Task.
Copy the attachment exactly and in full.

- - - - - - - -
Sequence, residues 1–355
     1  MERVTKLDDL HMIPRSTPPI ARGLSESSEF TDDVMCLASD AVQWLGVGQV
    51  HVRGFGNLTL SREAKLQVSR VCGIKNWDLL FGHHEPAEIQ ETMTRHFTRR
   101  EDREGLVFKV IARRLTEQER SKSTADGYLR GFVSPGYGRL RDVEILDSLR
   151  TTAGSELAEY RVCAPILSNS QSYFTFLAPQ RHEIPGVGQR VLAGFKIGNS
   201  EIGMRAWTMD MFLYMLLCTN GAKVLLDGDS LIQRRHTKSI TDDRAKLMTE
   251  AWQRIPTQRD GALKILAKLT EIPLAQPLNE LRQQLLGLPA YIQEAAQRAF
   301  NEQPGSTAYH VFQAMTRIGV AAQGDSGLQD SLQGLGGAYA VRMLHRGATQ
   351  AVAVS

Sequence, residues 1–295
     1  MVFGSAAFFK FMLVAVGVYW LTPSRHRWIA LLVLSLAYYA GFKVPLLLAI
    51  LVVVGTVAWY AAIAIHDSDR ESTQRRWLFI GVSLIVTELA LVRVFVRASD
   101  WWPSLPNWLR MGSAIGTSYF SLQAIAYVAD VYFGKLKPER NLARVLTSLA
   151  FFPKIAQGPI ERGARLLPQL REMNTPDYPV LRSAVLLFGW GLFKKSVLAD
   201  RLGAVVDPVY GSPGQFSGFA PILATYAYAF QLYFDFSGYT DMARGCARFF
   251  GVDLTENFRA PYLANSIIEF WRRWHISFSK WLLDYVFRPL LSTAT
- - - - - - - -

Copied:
Sequence, residues 1–355
     1  MERVTKLDDL HMIPRSTPPI ARGLSESSEF TDDVMCLASD AVQWLGVGQV
    51  HVRGFGNLTL SREAKLQVSR VCGIKNWDLL FGHHEPAEIQ ETMTRHFTRR
   101  EDREGLVFKV IARRLTEQER SKSTADGYLR GFVSPGYGRL RDVEILDSLR
   151  TTAGSELAEY RVCAPILSNS QSYFTFLAPQ RHEIPGVGQR VLAGFKIGNS
   201  EIGMRAWTMD MFLYMLLCTN GAKVLLDGDS LIQRRHTKSI TDDRAKLMTE
   251  AWQRIPTQRD GALKILAKLT EIPLAQPLNE LRQQLLGLPA YIQEAAQRAF
   301  NEQPGSTAYH VFQAMTRIGV AAQGDSGLQD SLQGLGGAYA VRMLHRGATQ
   351  AVAVS

Sequence, residues 1–295
     1  MVFGSAAFFK FMLVAVGVYW LTPSRHRWIA LLVLSLAYYA GFKVPLLLAI
    51  LVVVGTVAWY AAIAIHDSDR ESTQRRWLFI GVSLIVTELA LVRVFVRASD
   101  WWPSLPNWLR MGSAIGTSYF SLQAIAYVAD VYFGKLKPER NLARVLTSLA
   151  FFPKIAQGPI ERGARLLPQL REMNTPDYPV LRSAVLLFGW GLFKKSVLAD
   201  RLGAVVDPVY GSPGQFSGFA PILATYAYAF QLYFDFSGYT DMARGCARFF
   251  GVDLTENFRA PYLANSIIEF WRRWHISFSK WLLDYVFRPL LSTAT